Hi Michael, we want to do a safari trip and have secured a trip with ‘Perfect Wilderness Safari’ in Kenya. They want us to wire them 1/2 the cost up front to their company. My bank believes this could be fraudulent. How do I prove to my bank and myself that Perfect Wilderness is actually a legitimate company in Kenya? Thank you – Cindy
Thanks for your message.
Great question. Unfortunately, there’s no easy answer.
I’m not personally familiar with them, and it’s hard to know “for sure” how legit they are simply by looking at their website.
Here’s a few questions for you though:
– How did you first hear about them?
– Did you speak with them physically/over the phone?
– Do they have strong credentials, good reviews, etc.?
At first glance, it certainly “seems so” looking at feedback via Tripadvisor, Tour Radar and Safari Bookings.
– Does the “About Us” page on their site mention a specific person – preferably the owner of the company?
– How do you feel about them so far? Has communication been positive?
Also, when are you planning to depart?
Upfront deposits are quite common (though 25% is often the norm), with the balance due 60 days prior to commencement of arrangements.
If this company is serious, then perhaps they would be willing to talk to your bank or provide reassurance?
In the end, go with what you feel within.
And don’t hesitate to contact me further via info(at)africafreak.com.
Hopefully this helps.
All the best,
What amount/percentage would be a good gratuity to give the guide? I assume it depends on how many days also.
Thanks for your comment, it’s a great question! 🙂
While there’s no exact answer, a general rule of thumb is to tip your safari guide a minimum of $10 per person (per day). So if there’s five of you on the trip, that’s $50 per day in tipping.
You can tip more, or less, depending on the quality of your overall guiding experience.
In the end, it’s entirely up to you.
Hope this helps,
NB: In some cases a tracker is also involved in the safari, so make sure you include that person as well. $5 per person per day in gratuity is a good starting point.
If anyone has a tour guide job, I am interested. For now I am working at Bush safari.
How much do field guides earn in rands please?
From the available offers online you can probably expect anything from R 4000 up to R 15 000 or more per month (depending on qualification, experience, meals, accommodation, tipping, etc.).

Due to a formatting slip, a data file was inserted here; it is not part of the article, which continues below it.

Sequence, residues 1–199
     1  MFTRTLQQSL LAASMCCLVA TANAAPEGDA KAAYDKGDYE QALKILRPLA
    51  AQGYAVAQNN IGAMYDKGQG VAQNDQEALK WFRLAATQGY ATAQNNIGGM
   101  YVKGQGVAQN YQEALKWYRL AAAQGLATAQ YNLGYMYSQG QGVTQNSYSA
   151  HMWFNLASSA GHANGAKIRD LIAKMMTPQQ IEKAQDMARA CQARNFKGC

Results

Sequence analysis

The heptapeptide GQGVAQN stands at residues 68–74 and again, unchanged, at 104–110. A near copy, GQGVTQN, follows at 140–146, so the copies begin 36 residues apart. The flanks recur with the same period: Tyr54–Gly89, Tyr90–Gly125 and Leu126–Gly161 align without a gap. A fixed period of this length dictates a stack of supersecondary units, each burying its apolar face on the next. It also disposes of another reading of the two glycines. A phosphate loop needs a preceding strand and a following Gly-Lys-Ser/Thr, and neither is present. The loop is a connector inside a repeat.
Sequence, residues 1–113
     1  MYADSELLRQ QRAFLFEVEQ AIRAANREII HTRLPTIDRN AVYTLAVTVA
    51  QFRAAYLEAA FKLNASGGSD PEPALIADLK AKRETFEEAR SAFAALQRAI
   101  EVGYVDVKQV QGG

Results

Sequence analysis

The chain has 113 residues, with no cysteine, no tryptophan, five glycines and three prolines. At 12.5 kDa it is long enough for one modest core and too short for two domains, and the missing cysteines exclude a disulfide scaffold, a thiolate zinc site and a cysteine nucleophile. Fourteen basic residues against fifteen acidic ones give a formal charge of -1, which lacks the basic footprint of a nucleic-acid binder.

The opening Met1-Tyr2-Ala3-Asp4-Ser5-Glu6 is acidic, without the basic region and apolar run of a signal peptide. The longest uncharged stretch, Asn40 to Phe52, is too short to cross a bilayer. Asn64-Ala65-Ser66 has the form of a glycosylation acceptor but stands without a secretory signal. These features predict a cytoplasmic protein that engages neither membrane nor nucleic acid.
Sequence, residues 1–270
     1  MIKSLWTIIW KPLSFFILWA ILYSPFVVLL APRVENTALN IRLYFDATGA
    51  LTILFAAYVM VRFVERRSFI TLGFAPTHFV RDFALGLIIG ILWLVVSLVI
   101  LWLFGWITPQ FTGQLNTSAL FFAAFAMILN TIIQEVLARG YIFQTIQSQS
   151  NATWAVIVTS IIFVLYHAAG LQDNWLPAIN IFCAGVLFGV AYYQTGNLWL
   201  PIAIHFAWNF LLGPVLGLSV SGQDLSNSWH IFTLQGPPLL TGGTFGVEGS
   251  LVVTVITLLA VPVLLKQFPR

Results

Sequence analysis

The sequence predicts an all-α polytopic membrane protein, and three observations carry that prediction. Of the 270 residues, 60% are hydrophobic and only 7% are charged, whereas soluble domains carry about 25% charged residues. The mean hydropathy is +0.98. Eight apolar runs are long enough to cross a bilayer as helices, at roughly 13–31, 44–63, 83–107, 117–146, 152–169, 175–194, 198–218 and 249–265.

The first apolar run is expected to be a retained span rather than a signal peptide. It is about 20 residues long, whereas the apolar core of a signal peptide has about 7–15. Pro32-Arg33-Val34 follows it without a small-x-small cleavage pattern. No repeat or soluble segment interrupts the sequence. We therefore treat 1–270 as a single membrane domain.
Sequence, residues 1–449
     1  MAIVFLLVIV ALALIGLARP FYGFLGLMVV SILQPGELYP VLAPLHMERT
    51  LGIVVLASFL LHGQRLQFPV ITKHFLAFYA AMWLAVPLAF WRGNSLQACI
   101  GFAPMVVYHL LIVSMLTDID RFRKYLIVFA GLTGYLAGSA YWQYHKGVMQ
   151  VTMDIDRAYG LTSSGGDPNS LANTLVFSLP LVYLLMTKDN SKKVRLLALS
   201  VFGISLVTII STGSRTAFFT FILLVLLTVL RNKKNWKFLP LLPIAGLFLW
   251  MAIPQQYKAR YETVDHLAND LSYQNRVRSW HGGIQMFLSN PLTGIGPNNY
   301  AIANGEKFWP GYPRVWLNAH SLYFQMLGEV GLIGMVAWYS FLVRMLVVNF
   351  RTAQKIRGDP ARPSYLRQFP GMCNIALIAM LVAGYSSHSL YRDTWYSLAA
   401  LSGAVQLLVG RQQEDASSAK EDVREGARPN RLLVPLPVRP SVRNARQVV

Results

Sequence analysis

For your information, the current exchange rate is +/- R 10 to the $.
Hope this helps. 🙂
Lol, I would want my guide to be an expert marksman, just in case;)
Safari Guides in South Africa are required by law to have the Field Guides of South Africa (FGASA) qualification. This however does not mean that they get a good salary and most ranches pay them with the idea in mind that the client will tip them.
This is why many guides (rangers) don’t stay very long in the bush as after the glamor wears off, the reality of saving for the future kicks in and they need to move on to a better paid position.
Thanks a million for your valuable feedback, it is highly appreciated! 🙂
For those interested, you can find more info about FGASA here: https://www.fgasa.co.za
Another great option is some of the Ecotraining courses. I took part in one of them (Keer Keer camp, Timbavati), and it was absolutely amazing!
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Safari Guide jobs in South Africa - Nov 2023 update
Home south africa safari guide, senior field / trails guide.
... a Senior Field Trails Guide with 2-5 years ... an entertaining and educational safari experience while meeting and ...
South Africa Apply a day ago
... a five star safari lodge as a guideAll guiding documents valid and ...
South Africa Apply 4 days ago
Junior Field Guide
... (beneficial)Must have Big 5 Safari Game Reserve experience (essential)Excellent ...
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Relief Management Couple
... 2 will be preferredAll Guiding documents (First Aid FGASA ... 3 years experience in a safari lodge-based environment and ...
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Management Couple - Beach and Wildlife Reserve
... Management or similarField Trails guiding would assist applicationProven Safari Game reserve management ...